FINDINGS AND RECOMMENDATIONS TO DISMISS THE PETITION FOR WRIT OF HABEAS CORPUS AND MANDAMUS FOR LACK OF SUBJECT MATTER JURISDICTION (DOC. 1), DECLINE TO ISSUE A CERTIFICATE OF APPEALABILITY, AND DIRECT THE CLERK TO CLOSE THE CASE OBJECTIONS DEADLINE: 30 DAYS
SHEILA K. OBERTO, Magistrate Judge.
Petitioner is a state prisoner proceeding pro se with a petition for writ of habeas corpus pursuant to 28 U.S.C. § 2254. The matter has been referred to the Magistrate Judge pursuant to 28 U.S.C. § 636(b)(1) and Local Rules 302 through 304. Pending before the Court is the petition, which was filed on August 1, 2013.
I. Screening the Petition
Rule 4 of the Rules Governing § 2254 Cases in the United States District Courts (Habeas Rules) requires the Court to make a preliminary review of each petition for writ of habeas corpus. The Court must summarily dismiss a petition "[i]f it plainly appears from the petition and any attached exhibits that the petitioner is not entitled to relief in the district court...." Habeas Rule 4; O'Bremski v. Maass , 915 F.2d 418, 420 (9th Cir. 1990); see also Hendricks v. Vasquez , 908 F.2d 490 (9th Cir. 1990). Habeas Rule 2(c) requires that a petition 1) specify all grounds of relief available to the Petitioner; 2) state the facts supporting each ground; and 3) state the relief requested. Notice pleading is not sufficient; the petition must state facts that point to a real possibility of constitutional error. Rule 4, Advisory Committee Notes, 1976 Adoption; O'Bremski v. Maass , 915 F.2d at 420 (quoting Blackledge v. Allison , 431 U.S. 63, 75 n.7 (1977)). Allegations in a petition that are vague, conclusory, or palpably incredible are subject to summary dismissal. Hendricks v. Vasquez , 908 F.2d at 491.
The Court may dismiss a petition for writ of habeas corpus either on its own motion under Habeas Rule 4, pursuant to the respondent's motion to dismiss, or after an answer to the petition has been filed. Advisory Committee Notes to Habeas Rule 8, 1976 Adoption; see, Herbst v. Cook , 260 F.3d 1039, 1042-43 (9th Cir. 2001). A petition for habeas corpus, however, should not be dismissed without leave to amend unless it appears that no tenable claim for relief can be pleaded were such leave granted. Jarvis v. Nelson , 440 F.2d 13, 14 (9th Cir. 1971).
Here, Petitioner appears to be out of custody because his address is a private post office box. Petitioner's allegations and the documents submitted with the petition establish that in a traffic proceeding in the Respondent Superior Court of the State of California, County of Tuolumne, Petitioner is facing a traffic fine of $229 for a traffic violation relating to Cal. Veh. Code § 21460(a), which prohibits driving a vehicle to the left of double parallel solid yellow lines on a roadway. Petitioner contends his rights to due process of law and other, unspecified constitutional rights are violated by the traffic proceeding because the state court lacks jurisdiction under state law and because the golden-fringed flag flown by the Respondent Court renders it a military court. Petitioner asks this this Court to order the state trial court to quash his summons to court and dismiss the traffic proceeding against Petitioner.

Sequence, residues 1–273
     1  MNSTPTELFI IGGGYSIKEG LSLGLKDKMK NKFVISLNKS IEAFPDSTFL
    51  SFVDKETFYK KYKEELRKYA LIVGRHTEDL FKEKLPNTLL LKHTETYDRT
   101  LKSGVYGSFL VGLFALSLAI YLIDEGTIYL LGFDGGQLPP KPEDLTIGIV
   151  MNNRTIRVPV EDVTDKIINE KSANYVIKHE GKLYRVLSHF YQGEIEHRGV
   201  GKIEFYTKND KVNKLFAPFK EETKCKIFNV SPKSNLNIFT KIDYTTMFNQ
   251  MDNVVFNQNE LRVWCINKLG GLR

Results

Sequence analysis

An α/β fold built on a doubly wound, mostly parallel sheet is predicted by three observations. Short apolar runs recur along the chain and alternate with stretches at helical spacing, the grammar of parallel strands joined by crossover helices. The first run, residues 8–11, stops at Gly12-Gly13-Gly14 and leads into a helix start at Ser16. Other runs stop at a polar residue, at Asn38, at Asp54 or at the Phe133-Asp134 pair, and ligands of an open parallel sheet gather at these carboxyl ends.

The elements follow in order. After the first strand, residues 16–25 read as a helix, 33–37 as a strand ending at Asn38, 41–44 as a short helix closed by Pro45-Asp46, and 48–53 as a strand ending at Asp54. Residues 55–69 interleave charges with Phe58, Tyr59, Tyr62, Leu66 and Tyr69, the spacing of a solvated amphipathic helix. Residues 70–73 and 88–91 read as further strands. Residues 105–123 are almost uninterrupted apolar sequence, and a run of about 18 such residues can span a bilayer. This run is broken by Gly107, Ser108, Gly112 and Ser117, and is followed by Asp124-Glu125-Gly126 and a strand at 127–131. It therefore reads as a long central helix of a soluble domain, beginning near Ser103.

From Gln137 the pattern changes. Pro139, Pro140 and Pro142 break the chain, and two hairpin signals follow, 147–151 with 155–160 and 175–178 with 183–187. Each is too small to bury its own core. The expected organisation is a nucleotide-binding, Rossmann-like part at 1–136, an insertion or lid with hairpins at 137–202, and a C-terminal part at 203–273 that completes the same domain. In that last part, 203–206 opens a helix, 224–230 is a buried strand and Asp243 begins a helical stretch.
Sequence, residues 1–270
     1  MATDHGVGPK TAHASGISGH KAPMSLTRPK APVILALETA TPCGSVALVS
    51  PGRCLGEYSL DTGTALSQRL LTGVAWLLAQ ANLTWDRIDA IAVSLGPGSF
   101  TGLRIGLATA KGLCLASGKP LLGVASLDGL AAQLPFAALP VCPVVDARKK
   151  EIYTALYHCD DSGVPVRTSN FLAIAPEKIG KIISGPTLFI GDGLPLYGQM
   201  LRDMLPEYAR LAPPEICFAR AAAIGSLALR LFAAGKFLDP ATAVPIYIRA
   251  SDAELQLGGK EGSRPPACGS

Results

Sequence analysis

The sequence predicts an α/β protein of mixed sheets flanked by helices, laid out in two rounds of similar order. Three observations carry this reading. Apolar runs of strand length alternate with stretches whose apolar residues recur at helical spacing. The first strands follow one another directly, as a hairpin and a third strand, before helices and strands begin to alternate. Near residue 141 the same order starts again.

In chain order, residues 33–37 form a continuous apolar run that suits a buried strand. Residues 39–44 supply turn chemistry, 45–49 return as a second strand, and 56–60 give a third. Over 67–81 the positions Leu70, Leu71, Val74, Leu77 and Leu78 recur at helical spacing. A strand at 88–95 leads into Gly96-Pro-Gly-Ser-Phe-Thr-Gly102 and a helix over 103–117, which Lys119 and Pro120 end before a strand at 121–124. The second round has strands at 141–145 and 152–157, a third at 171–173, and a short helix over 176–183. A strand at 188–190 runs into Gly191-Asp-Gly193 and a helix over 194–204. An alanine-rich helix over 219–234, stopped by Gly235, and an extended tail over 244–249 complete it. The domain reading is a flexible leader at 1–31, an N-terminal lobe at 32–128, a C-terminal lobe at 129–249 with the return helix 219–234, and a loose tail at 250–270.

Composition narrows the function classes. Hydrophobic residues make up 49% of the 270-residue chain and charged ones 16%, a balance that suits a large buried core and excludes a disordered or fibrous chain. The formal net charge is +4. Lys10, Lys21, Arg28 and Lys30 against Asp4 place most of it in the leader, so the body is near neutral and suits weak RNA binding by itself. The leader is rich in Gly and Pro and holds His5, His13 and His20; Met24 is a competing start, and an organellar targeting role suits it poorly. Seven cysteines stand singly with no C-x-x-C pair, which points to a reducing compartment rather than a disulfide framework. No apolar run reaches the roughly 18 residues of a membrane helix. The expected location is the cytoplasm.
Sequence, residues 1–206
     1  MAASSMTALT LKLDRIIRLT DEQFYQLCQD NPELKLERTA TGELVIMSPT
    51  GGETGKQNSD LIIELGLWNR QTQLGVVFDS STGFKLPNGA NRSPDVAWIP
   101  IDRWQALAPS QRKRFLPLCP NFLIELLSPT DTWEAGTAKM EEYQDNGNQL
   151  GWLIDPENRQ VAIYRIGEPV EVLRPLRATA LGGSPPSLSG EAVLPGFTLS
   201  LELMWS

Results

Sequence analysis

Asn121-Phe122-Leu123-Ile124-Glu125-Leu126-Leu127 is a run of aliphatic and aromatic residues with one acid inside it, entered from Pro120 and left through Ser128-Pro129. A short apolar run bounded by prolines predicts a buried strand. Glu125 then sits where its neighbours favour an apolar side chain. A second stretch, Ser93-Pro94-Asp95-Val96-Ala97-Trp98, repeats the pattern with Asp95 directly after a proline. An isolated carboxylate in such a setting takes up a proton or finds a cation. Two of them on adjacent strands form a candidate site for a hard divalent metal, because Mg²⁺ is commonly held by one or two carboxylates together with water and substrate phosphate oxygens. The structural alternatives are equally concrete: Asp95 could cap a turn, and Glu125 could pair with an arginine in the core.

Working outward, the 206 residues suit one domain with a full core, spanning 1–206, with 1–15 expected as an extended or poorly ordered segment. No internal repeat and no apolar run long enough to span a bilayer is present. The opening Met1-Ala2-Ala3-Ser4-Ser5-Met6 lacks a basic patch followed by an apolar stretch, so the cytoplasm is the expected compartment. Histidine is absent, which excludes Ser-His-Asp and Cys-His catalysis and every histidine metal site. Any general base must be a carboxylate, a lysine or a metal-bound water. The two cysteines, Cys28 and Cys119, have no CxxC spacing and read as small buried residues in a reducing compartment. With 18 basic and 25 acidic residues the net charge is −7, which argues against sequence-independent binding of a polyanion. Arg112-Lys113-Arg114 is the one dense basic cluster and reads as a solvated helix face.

II. Absence of Custody
A district court has subject matter jurisdiction to entertain a petition for a writ of habeas corpus only if the petitioner is "in custody" within the meaning of the habeas corpus statute at the time the petition is filed. 28 U.S.C. §§ 2241(c)(3) and 2254(a). "Custody" is not limited to actual physical incarceration; a petitioner is in "custody" if he is subject to restraints not shared by the public generally. Jones v. Cunningham , 371 U.S. 236, 243 (1963).
A petitioner must be in custody with respect to the conviction he attacks; once a sentence is fully served, even if the conviction may affect the length or conditions of a sentence to be imposed in the future, the prisoner is not "in custody" within the meaning of 28 U.S.C. §§ 2241(c) or 2254(a). See Maleng v. Cook , 490 U.S. 488, 490-492 (1989). "[O]nce the sentence imposed for a conviction has completely expired, the collateral consequences of that conviction are not themselves sufficient to render an individual in custody' for the purposes of a habeas attack upon it." Maleng , 490 U.S. at 492.
"Custody" for purposes of 28 U.S.C. § 2254 does not include a fine or possibility of a fine because a fine is not a severe or immediate restraint on the petitioner's liberty. Bailey v. Hill , 599 F.3d 976, 979 (9th Cir. 2010) (court did not have jurisdiction over a challenge to a restitution order because custody was absent); Williamson v. Gregoire , 151 F.3d 1180, 1183 (9th Cir. 1998) (collecting cases); Edmunds v. Won Bae Chang , 509 F.2d 39, 40-41 (9th Cir. 1975) (quoting Hensley v. Municipal Court , 411 U.S. 345 (1973) (state court's order to pay a $25 fine without any sentence of confinement did not constitute custody due to a lack of imminence of any possibility of custody), cert. den., 423 U.S. 825 (1975); Dremann v. Francis , 828 F.2d 6, 7 (9th Cir. 1987) (per curiam) (lawyer's noncompliance with a "fine only" sentence that raised the threat of possible imminent was insufficient to confer habeas jurisdiction).
Because district courts do not have jurisdiction over a habeas corpus petition brought pursuant to § 2254 challenging only a fine, the petition must be dismissed. Bailey v. Hill , 599 F.3d 976, 984.
III. Absence of Mandamus Jurisdiction
Although the petition is somewhat unclear, to the extent
Petitioner seeks this Court to issue an order in the nature of mandamus to a state court official, Petitioner has not alleged facts to ...